(ATTN: UPDATES with remarks from Seoul city government in paras 6-10; RESTRUCTURES)
SEOUL, July 15 (Yonhap) -- South Korea is considering opening up greenbelt zones in the Seoul metropolitan area to make more land available for housing as part of efforts to help resolve the country's housing supply shortage in the densely populated area, the transport ministry said Wednesday.
The Ministry of Land, Infrastructure and Transport said it has formed a task force with the Ministry of Economy and Finance and the Seoul city, Gyeonggi and Incheon regional governments to discuss ways to supply more homes in the capital city and adjacent areas.
In less than a week, the government has changed its stance toward easing the construction ban in the development restriction areas designated by the country to resolve housing shortage problems.
On Friday, Finance Minister Hong Nam-ki ruled out the possibility of lifting the restrictions on the greenbelt zones to supply more homes in the greater Seoul area.
But the minister said in an interview with local broadcaster MBC on Tuesday that the government is "reviewing several options to supply more homes and is open to the possibility of lifting the bans on the greenbelt zones following the review, if necessary."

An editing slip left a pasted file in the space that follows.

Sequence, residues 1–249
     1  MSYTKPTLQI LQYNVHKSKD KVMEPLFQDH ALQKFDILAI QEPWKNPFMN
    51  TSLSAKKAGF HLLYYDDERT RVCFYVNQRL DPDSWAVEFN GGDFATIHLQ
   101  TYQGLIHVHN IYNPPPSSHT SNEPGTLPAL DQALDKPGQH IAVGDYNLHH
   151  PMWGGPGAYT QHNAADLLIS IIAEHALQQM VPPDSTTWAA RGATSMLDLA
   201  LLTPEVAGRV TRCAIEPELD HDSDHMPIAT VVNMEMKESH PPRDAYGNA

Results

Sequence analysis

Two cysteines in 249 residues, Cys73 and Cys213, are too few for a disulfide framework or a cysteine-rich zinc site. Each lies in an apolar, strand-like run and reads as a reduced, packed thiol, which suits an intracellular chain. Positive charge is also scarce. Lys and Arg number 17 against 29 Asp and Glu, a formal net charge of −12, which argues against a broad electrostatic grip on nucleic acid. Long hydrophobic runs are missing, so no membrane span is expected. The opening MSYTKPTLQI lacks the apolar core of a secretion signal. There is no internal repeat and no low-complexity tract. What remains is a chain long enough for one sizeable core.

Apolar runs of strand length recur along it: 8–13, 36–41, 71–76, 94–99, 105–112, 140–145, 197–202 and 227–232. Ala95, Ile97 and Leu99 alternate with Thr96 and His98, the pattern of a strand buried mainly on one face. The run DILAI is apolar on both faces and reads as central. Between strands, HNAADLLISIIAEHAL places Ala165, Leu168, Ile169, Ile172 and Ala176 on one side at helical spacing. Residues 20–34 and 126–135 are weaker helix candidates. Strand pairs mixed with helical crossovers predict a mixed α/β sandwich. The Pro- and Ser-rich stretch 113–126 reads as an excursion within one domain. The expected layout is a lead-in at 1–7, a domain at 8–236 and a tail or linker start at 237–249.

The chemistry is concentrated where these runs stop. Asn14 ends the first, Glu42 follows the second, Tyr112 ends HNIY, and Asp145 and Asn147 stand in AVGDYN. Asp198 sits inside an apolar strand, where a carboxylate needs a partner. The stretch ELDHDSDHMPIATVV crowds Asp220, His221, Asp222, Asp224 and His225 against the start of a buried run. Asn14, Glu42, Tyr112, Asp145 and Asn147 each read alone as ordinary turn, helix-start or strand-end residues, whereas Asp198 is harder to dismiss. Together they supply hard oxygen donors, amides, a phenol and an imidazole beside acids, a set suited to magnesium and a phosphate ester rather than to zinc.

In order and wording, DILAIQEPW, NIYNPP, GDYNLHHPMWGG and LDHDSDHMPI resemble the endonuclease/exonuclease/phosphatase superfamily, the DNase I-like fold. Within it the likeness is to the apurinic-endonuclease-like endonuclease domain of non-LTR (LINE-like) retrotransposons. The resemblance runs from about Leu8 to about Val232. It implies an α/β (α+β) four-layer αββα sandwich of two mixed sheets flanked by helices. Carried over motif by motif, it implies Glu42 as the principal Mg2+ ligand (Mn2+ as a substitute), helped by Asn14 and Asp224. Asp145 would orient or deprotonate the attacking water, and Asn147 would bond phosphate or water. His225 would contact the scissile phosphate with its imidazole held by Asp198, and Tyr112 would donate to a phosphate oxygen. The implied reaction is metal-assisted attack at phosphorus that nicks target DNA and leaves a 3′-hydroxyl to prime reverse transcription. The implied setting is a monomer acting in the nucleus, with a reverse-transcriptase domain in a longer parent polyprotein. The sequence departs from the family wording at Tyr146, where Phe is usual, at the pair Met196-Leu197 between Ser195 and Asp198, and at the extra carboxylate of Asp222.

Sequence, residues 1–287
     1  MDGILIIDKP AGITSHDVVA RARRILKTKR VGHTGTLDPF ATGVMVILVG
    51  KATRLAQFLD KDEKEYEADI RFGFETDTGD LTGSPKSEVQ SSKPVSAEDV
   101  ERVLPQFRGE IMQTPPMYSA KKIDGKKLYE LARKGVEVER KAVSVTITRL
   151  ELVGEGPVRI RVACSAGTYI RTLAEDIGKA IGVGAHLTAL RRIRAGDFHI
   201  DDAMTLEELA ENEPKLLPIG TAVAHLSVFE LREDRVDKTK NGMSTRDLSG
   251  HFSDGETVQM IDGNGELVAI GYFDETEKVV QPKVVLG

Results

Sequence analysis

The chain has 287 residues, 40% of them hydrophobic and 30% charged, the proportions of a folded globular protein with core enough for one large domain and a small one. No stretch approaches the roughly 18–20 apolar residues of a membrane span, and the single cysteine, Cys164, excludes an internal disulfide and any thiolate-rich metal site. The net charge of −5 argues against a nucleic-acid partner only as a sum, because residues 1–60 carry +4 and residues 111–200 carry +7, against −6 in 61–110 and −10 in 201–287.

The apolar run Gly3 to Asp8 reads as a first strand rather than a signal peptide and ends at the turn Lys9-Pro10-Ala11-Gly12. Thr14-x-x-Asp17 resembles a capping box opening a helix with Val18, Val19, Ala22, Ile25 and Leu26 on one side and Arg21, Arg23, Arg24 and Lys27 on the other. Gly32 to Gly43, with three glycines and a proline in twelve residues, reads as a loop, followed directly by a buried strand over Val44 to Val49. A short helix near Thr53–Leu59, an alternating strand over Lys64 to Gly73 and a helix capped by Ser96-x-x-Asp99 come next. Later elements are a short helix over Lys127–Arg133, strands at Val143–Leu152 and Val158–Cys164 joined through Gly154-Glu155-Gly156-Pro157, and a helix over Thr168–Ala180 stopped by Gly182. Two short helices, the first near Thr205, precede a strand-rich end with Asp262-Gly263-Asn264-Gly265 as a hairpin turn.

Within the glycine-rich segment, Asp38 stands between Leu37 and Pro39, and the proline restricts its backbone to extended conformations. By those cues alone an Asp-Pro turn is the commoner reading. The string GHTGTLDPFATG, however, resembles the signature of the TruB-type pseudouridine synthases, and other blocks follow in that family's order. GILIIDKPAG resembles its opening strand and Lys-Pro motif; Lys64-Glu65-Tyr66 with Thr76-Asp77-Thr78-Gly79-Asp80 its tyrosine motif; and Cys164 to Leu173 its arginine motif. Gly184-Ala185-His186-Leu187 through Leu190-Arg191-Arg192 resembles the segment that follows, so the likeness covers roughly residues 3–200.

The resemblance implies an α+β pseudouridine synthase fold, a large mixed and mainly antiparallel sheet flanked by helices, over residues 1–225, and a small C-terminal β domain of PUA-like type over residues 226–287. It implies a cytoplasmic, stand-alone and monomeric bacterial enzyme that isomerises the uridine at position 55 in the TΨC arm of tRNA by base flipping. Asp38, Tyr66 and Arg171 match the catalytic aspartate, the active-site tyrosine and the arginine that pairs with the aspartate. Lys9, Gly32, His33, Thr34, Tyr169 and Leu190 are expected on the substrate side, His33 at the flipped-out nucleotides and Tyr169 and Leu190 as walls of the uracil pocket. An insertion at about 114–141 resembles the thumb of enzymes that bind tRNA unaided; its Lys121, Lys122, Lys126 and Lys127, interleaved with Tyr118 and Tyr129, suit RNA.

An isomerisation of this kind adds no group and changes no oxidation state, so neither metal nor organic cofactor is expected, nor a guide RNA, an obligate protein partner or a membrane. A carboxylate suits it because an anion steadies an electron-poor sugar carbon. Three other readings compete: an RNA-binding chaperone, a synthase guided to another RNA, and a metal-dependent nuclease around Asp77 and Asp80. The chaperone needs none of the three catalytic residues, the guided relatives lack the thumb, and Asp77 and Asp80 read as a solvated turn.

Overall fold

Development restriction areas in Seoul reach about 150 square kilometers, or 25 percent of its total area.
The Seoul metropolitan government has long opposed the idea of developing greenbelt areas, citing the need to protect the environment and avoid excessive expansion of the city.
It reaffirmed such a stance, threatening to boycott the transport ministry-led task force if the issue is on the table.
"Greenbelt zones are the last bastions of Seoul that have been protected even under the wave of development, and they cannot be restored once damaged. It is the firm and consistent stance of the Seoul city government that it will entirely preserve its greenbelt zones without releasing them," it said.
"Regarding the operation of the task force on expanding the supply of homes as part of efforts to stabilize the housing market, Seoul city is only taking part within the capacity of discussing follow-up steps for the July 10 housing market measures," it added, referring to the government's latest anti-speculation steps that mostly sought to limit price increases by raising tax rates.
The median price of Seoul apartments jumped 52 percent from 606 million won (US$505,000) to 920 million won in three years since the Moon Jae-in administration came into office in May 2017, according to property data from KB Kookmin Bank.
Record-low interest rates and excess liquidity, which has been pumped into the market to help revive the virus-hit economy, have contributed to soaring home prices, analysts said.
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